Chapter X – His Final Instructions

One day the Patriarch sent for his disciples, Fat Hoi, Chi Shing, Fat Tat, Shin Wui, Chi Sheung, Chi Tong, Chi Chai, Chi Tao, Fat Chun, Fat U, etc., and addressed them as follows:-

“You men are different from the common lot. After my entering into Parinirvana, each of you will be the Dhyana Master of a certain district. I am, therefore, going to give you some hints on preaching, so that when doing so, you may keep up the tradition of our School.

Parinirvana of Buddha
Parinirvana of Buddha Sakyamuni (Image by Albert Dezetter from Pixabay)

First mention the three Categories of Dharmas, and then the thirty-six ‘pairs of opposites’ in the activities (of the Essence of Mind). Then teach how to avoid the two extremes of ‘coming in’ or ‘going out’. In all preaching, stray not from the Essence of Mind.

Whenever a man puts a question to you, answer him in antonyms, so that a ‘pair of opposites’ will be formed. (For example), ‘coming’ and ‘going’ are the reciprocal cause of each other; when the interdependence of the two is entirely done away with there would be, in the absolute sense, neither ‘coming’ nor ‘going’. Continue reading “Chapter X – His Final Instructions”

Chapter IX – Royal Patronage

An edict dated the 15th day of the 1st Moon of the 1st year of Shin Lung, issued by the Empress Dowager Chek Tin and the Emperor Chung Chung ran as follows:-

“Since we invited Grand Masters Wei On and Shin Shau to stay in the palace to receive our offerings, we have studied the ‘Buddha Vehicle’ under them whenever we could find time after attending to our imperial duties. Out of sheer modesty, these two Masters recommended that we should seek the advice of Dhyana Master Wei Lang of the South, who has esoterically inherited the Dharma and the robe of the Fifth Patriarch as well as the Heart Seal of Lord Buddha. Continue reading “Chapter IX – Royal Patronage”

Chapter III – Questions and Answers (Bodhidharma, Amitabha, Pure Land)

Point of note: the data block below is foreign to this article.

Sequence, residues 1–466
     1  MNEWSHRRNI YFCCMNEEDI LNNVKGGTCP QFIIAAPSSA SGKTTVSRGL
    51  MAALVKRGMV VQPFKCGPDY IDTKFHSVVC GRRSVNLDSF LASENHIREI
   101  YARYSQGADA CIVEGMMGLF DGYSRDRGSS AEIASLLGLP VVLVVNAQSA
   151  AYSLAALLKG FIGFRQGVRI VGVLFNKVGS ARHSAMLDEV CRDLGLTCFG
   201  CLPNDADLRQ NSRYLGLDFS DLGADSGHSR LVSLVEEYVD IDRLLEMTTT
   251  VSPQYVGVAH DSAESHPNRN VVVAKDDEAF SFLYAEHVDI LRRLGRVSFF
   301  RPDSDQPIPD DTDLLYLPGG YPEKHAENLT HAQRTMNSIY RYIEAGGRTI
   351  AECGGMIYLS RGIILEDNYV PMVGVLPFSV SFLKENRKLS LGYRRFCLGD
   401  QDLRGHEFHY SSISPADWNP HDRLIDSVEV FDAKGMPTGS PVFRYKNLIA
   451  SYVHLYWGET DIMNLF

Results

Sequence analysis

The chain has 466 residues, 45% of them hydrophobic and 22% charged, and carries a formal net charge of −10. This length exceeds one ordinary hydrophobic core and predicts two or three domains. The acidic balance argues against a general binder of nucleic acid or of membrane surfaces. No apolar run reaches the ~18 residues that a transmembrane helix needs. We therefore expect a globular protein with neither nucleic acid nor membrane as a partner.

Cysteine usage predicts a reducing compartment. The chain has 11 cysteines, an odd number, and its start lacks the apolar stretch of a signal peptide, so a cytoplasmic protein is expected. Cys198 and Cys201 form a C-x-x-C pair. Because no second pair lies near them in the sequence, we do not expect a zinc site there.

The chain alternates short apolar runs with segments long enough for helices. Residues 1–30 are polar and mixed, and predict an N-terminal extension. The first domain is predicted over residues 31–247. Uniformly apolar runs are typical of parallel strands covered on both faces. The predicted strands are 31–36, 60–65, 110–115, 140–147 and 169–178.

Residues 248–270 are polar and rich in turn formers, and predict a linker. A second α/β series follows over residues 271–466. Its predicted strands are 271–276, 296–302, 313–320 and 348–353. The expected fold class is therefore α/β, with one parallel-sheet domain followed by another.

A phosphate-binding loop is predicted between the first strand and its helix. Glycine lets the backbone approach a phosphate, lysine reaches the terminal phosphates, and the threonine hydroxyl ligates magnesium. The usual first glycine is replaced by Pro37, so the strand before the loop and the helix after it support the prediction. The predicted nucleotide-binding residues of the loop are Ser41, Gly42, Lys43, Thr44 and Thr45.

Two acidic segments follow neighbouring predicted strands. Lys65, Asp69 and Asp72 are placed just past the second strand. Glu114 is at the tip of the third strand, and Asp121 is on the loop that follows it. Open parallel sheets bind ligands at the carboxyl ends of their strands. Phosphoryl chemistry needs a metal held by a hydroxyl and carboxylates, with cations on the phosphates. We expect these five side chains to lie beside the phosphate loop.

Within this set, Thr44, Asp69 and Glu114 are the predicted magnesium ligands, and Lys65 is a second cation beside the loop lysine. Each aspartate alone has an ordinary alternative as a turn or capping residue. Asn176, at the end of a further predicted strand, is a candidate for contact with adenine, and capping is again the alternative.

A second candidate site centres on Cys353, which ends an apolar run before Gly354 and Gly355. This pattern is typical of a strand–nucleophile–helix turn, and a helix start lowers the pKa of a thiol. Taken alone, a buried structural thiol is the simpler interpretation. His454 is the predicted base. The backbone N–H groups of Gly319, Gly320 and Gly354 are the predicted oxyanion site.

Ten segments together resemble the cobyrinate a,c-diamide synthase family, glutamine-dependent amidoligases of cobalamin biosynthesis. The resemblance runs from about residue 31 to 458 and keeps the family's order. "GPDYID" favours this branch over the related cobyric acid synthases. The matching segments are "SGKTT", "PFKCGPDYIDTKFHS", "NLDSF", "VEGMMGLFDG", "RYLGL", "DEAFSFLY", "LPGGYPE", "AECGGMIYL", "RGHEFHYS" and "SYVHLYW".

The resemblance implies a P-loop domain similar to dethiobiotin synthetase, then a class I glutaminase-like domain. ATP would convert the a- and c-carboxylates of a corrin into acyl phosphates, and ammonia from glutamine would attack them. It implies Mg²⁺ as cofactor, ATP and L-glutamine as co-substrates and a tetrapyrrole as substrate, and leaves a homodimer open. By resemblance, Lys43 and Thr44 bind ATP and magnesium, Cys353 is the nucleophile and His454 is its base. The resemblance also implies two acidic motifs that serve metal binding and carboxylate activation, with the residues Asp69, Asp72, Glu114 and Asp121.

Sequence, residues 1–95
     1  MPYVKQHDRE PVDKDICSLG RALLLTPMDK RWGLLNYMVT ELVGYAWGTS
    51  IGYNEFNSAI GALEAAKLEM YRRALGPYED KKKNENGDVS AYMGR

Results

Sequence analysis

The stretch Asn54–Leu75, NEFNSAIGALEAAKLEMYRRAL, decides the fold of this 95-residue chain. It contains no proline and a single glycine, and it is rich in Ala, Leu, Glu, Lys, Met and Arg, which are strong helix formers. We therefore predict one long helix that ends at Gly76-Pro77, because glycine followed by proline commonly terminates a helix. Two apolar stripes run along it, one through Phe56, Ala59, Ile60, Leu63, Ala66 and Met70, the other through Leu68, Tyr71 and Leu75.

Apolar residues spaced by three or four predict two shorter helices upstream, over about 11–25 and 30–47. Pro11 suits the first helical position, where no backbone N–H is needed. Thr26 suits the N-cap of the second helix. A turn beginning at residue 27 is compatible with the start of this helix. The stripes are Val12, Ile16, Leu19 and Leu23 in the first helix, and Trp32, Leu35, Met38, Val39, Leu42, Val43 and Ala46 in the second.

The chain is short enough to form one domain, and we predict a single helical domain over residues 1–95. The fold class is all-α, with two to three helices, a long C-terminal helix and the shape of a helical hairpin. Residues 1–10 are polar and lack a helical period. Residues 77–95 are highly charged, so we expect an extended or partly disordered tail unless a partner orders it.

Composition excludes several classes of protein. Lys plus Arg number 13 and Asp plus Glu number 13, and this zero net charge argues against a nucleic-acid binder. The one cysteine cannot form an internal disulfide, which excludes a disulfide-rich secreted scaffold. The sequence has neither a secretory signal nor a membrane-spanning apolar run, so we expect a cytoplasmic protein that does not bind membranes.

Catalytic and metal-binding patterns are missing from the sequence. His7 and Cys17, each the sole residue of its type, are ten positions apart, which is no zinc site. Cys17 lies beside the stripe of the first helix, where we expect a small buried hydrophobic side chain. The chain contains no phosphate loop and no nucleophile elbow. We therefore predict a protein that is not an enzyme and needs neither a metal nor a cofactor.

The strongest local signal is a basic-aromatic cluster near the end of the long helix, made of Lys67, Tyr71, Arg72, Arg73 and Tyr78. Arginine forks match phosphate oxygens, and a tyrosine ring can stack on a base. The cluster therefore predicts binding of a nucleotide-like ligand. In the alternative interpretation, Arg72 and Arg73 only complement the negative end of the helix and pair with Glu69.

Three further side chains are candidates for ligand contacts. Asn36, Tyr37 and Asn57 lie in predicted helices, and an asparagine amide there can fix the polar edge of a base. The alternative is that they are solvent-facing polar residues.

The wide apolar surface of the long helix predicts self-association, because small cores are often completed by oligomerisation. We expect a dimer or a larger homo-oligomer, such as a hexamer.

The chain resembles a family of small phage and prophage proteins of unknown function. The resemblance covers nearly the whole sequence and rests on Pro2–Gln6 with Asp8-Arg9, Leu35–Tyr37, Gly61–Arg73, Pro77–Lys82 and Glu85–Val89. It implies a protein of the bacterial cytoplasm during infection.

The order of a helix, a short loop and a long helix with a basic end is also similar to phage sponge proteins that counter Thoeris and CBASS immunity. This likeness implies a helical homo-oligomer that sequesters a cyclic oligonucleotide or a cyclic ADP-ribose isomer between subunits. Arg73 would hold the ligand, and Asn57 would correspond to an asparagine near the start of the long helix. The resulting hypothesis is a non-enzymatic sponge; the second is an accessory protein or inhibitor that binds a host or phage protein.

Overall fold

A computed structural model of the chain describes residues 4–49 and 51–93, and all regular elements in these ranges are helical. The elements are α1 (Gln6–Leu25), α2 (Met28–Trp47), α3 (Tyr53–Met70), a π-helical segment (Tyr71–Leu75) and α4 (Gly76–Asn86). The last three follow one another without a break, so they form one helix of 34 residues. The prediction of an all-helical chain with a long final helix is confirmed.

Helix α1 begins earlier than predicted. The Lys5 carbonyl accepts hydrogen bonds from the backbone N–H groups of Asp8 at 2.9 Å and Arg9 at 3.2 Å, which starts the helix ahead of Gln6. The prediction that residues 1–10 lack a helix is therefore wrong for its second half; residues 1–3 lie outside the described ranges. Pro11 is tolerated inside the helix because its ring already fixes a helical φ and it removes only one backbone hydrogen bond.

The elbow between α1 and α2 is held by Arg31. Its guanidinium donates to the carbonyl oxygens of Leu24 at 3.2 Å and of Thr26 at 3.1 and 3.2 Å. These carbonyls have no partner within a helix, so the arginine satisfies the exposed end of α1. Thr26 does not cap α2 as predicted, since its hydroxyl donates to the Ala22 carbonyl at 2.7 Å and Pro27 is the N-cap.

One day Prefect Wai entertained the Patriarch and asked him to preach to a big gathering. At the end of the feast, Prefect Wai asked him to mount the pulpit (to which the Patriarch consented). After bowing twice reverently, in company with other officials, scholars, and commoners, Prefect Wai said, “I have heard what Your Holiness preached. It is really so deep that it is beyond our mind and speech, and I have certain doubts which I hope you will clear up for me.” “If you have any doubts,” replied the Patriarch, “please ask, and I will explain.”

“What you preach are

the fundamental principles
taught by

are they not?” “Yes,” replied the Patriarch. “I was told,” said Prefect Wai, “that at Bodhidharma’s first interview with Emperor Wu of Liang he was asked what merits the Emperor would get for the work of his life in building temples, allowing new monks to be ordained (royal consent was necessary at that time), Continue reading “Chapter III – Questions and Answers (Bodhidharma, Amitabha, Pure Land)”

Chapter II – On Prajna

Next day Prefect Wai asked the Patriarch to give another address. Thereupon, having taken his seat and asked the assembly to purify their mind collectively, and to recite the Maha PrajnaparamitaSutra, he gave the following address:-

Learned Audience, the Wisdom of Enlightenment is inherent in every one of us. It is because of the delusion under which our mind works that we fail to realise it ourselves, and that we have to seek the advice and the guidance of enlightened ones before we can know our own Essence of Mind. You should know that

so far as Buddha-nature is concerned,
there is no difference between an
enlightened man and an ignorant one.

What makes the difference is that
one realises it, while the other
is ignorant of it.

Now, let me talk to you about Maha Prajnaparamita, so that each of you can attain wisdom.

Learned Audience, those who recite the word ‘Prajna‘ the whole day long do not seem to know that Prajna is inherent in their own nature. But mere talking on food will not appease hunger, and this is exactly the case with these people. Continue reading “Chapter II – On Prajna”